Bulgaria’s unicameral Parliament, the National Assembly, voted on October 11 to approve the resignation of Anton Todorov as an MP for Prime Minister Boiko Borissov’s party GERB.
Todorov submitted his resignation after a series of controversies, culminating in remarks in a breakfast television interview that were seen as a threat to have the interviewer fired.
The vote to accept Todorov’s resignation was 153 in favour, 14 against and with 11 abstentions. The night before the vote, the GERB parliamentary group met to discuss the resignation application but emerged to say that they had not reached consensus on the matter.
Opposition MPs used the opportunity to assail the government and coalition majority partner GERB.
Dragomir Stoynev of the Bulgarian Socialist Party said that in just a week, Todorov had turned from “an exceptional person with perfect analytic skills and punctuality” as GERB parliamentary leader had described Todorov, “an unwanted colleague weighing on the GERB party”.
This was a reference to the fact that a GERB proposal to nominate Todorov to head the Dossier Commission had been dropped amid controversy about his background.
“Why is this, colleagues? Does he not often and ostentatiously call the opposition ‘murderers’? Does he not preach against the communists well enough?” Stoynev said.
“Valeri Simeonov is also important,” Stoynev said, referring to controversy about remarks by the Deputy Prime Minister and United Patriots co-leader that reports also said had threatened the interviewer (Simeonov denies making threats and has said he will take court action against the media that said that he had).
Stoynev noted that, as the debate in the National Assembly was proceeding, there were protesters outside the Cabinet office. On the morning of October 11, coinciding with the Cabinet meeting, Bulgarian journalists held a protest in support of media freedom, called by the Association of European Journalists – Bulgaria.
The BSP MP said that perhaps the time would come when again Parliament would be debating a resignation, either of the government or again from the GERB parliamentary group.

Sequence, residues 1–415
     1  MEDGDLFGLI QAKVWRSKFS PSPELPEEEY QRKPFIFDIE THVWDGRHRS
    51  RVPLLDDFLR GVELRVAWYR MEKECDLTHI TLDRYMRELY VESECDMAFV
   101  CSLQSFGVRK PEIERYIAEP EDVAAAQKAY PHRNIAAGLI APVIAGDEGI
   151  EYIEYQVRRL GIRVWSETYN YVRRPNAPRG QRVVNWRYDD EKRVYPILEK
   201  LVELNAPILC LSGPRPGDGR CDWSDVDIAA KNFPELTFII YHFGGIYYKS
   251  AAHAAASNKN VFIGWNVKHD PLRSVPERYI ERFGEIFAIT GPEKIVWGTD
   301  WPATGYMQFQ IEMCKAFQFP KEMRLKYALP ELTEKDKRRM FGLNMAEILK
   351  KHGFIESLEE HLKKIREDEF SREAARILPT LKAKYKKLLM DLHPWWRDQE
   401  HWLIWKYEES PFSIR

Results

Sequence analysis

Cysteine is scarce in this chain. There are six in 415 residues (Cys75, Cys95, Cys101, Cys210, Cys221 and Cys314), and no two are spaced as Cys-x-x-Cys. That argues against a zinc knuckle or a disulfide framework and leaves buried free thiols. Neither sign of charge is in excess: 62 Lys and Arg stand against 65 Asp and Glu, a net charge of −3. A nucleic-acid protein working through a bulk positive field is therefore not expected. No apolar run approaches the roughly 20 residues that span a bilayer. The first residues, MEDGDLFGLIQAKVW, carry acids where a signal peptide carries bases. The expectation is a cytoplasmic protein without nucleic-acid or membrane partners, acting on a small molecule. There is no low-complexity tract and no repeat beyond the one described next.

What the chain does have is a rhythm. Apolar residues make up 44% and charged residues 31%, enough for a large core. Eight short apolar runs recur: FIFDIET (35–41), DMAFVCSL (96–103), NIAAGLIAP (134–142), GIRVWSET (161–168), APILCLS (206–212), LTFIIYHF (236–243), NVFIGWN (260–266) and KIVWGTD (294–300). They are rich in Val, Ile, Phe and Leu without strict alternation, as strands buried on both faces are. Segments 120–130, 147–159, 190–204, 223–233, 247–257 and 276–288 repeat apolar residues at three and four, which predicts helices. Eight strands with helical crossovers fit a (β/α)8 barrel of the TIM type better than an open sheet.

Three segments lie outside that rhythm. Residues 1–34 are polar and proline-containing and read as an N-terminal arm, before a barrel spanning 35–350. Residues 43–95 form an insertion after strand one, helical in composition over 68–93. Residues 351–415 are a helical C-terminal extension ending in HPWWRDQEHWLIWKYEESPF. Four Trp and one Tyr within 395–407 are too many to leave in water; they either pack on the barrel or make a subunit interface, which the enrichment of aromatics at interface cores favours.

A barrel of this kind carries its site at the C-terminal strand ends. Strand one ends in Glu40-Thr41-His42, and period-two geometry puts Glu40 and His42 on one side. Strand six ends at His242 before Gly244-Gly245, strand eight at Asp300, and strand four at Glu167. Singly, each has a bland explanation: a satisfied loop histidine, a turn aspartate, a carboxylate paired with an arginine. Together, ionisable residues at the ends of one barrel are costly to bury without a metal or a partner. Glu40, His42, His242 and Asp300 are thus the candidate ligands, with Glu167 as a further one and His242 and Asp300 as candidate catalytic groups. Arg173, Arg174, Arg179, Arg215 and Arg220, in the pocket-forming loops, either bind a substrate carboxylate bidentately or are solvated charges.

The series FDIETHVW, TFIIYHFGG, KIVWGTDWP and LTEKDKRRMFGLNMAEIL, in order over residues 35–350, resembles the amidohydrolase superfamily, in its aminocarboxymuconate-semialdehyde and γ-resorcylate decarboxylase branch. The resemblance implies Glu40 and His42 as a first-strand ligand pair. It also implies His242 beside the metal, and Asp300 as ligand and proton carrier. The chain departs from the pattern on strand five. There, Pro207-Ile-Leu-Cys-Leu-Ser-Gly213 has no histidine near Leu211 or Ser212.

Recently, another GERB MP, Delyan Dobrev, submitted his resignation amid controversy about him, but the National Assembly voted not to accept it. Neither of the first two Borissov governments completed their term, resigning to prompt early parliamentary election.
Yordan Tsonev of the Movement for Rights and Freedoms, the fourth-largest parliamentary group, said that when Stoynev had mentioned Simeonov’s name, there had been discontent from the United Patriots benches.
“Why, honorable nationalist colleagues. Here, I am looking into your eyes and asking you. What language does Deputy Prime Minister Simeonov use? Is he not one of the pioneers of this language in Bulgaria? Why is his resignation not here on the table today? Was he not in the same studio? Did he refer in the same way to the host?”
GERB MP Toma Bikov said that it was claimed that freedom of speech had been shut down, “but in the history of the Bulgarian Parliament, no MP has resigned because of an interview. This is proof that there is freedom of speech, that there is power of the media”.
“Over the past two weeks, we have witnessed a compromise attack that has escalated into a compromising war. And it has one goal – to remove the current democratically elected government. And you do not hide it. To bring down the government at a time when Bulgaria will take over the presidency of the European Union, at which society has calmed down and people have started to spend their money,” Bikov said.
Speaking after the vote, Todorov told reporters in the corridors of Parliament that Borissov had been “strongly opposed” to him resigning. However, in discussing it, he and Borissov had decided that his remarks had been turned into a propaganda tool, Todorov said.